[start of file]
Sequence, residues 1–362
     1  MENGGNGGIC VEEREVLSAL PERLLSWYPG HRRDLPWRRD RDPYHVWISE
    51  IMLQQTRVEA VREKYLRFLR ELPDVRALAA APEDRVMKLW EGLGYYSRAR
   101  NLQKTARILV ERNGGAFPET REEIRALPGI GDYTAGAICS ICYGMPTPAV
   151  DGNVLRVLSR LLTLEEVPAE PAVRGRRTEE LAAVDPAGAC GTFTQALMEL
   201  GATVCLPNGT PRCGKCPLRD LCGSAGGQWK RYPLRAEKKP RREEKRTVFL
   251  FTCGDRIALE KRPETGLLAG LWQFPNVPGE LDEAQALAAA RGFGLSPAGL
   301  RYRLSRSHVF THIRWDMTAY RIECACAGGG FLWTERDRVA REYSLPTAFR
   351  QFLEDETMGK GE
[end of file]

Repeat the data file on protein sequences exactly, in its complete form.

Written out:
Sequence, residues 1–362
     1  MENGGNGGIC VEEREVLSAL PERLLSWYPG HRRDLPWRRD RDPYHVWISE
    51  IMLQQTRVEA VREKYLRFLR ELPDVRALAA APEDRVMKLW EGLGYYSRAR
   101  NLQKTARILV ERNGGAFPET REEIRALPGI GDYTAGAICS ICYGMPTPAV
   151  DGNVLRVLSR LLTLEEVPAE PAVRGRRTEE LAAVDPAGAC GTFTQALMEL
   201  GATVCLPNGT PRCGKCPLRD LCGSAGGQWK RYPLRAEKKP RREEKRTVFL
   251  FTCGDRIALE KRPETGLLAG LWQFPNVPGE LDEAQALAAA RGFGLSPAGL
   301  RYRLSRSHVF THIRWDMTAY RIECACAGGG FLWTERDRVA REYSLPTAFR
   351  QFLEDETMGK GE